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Fundamentalism

Papers
  1. Fundamentalism (Bartleby.com)
      "In Protestantism, religious movement that arose among conservative members of various Protestant denominations early in the 20th cent., with the object of maintaining traditional interpretations of the Bible and of the doctrines of the Christian faith in the face of Darwinian evolution, secularism, and the emergence of liberal theology." 01-06

  2. Fundamentalism (Catholic.com)
      "What has been particularly surprising is that Catholics seem to constitute a disproportionate share of the new recruits. The Catholic Church in America includes about a quarter of the country’s inhabitants, so one might expect about a quarter of new Fundamentalists to have been Catholics at one time. But in many Fundamentalist congregations, anywhere from one-third to one-half of the members once belonged to the Catholic Church. This varies around the country, depending on how large the native Catholic population is." 01-06

  3. Fundamentalism (Reference.com)
      "Fundamentalist Christianity, or Christian Fundamentalism, in the scope of this particular article, refers to the movement within American Protestantism in the late 19th and early 20th centuries by conservative evangelical Christians, who, in a reaction to modernism, actively affirmed a core set of Christian beliefs: namely, the inerrancy of the Bible, the virgin birth of Christ, the doctrine of substitutionary atonement, the bodily resurrection of Jesus, and the authenticity of his miracles. This core set of beliefs was the "line in the sand" drawn by conservative Christians as they battled against the rise of rationalism, higher biblical criticism, and Liberalism within Protestant denominations." 01-06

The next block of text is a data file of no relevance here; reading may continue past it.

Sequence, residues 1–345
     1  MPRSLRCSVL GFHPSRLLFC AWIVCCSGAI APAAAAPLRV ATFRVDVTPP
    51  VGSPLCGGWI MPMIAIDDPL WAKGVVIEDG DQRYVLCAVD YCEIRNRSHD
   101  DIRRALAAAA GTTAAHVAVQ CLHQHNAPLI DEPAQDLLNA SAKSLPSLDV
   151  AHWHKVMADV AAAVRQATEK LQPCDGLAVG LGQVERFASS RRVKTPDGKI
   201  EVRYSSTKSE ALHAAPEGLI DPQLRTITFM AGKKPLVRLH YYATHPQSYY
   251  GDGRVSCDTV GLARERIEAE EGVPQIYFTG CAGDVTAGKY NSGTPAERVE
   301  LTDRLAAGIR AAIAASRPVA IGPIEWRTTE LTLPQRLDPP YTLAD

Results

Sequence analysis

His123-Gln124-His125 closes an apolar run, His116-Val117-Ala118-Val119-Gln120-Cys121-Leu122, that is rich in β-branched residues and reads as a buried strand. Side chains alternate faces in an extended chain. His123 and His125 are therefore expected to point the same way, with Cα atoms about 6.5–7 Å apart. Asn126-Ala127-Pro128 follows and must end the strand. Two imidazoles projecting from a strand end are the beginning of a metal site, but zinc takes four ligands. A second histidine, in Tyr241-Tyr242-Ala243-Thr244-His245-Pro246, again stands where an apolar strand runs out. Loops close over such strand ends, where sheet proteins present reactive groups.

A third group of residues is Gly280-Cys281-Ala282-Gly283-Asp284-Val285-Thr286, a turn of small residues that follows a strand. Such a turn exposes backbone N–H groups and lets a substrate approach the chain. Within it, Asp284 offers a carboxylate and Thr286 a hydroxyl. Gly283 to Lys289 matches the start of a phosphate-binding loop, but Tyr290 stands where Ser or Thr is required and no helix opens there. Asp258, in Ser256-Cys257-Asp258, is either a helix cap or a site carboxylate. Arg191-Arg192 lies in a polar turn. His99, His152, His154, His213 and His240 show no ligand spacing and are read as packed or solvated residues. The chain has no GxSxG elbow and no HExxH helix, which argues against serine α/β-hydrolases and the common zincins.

4. Fundamentalism (University of Virginia - ReligiousMovements)
      "The term `fundamentalism' has its origin in a series of pamphlets published between 1910 and 1915. Entitled 'The Fundamentals: A Testimony to the Truth,' these booklets were authored by leading evangelical churchmen and were circulated free of charge among clergymen and seminarians. By and large, fundamentalism was a response to the loss of influence traditional revivalism experienced in America during the early years of the twentieth century. This loss of influence, coupled with the liberalizing trends of German biblical criticism and the encroachment of Darwinian theories about the origin of the universe, prompted a response by conservative churchmen." 01-06

  5. Fundamentalism (Wikipedia.org)
      "In comparative religion, fundamentalism has come to refer to several different understandings of religious thought and practice, including literal interpretation of sacred texts such as the Bible or the Quran and sometimes also anti-modernist movements in various religions." 01-06

  6. Fundamentalist Christianity (Wikipedia.org)
      "Historically, and for those who use the name to describe themselves, a Fundamentalist Christian is one who holds to all of the five Fundamentals of the Faith as a bare-minimum definition of Christian faith...."

      "Derivatively, a fundamentalist Christian is a Christian who holds the Bible to be infallible, historically accurate, and decisive in all issues of controversy that the Bible is believed to directly address; which was the central issue for which the Christian Fundamentalist movement has contended." 11-04

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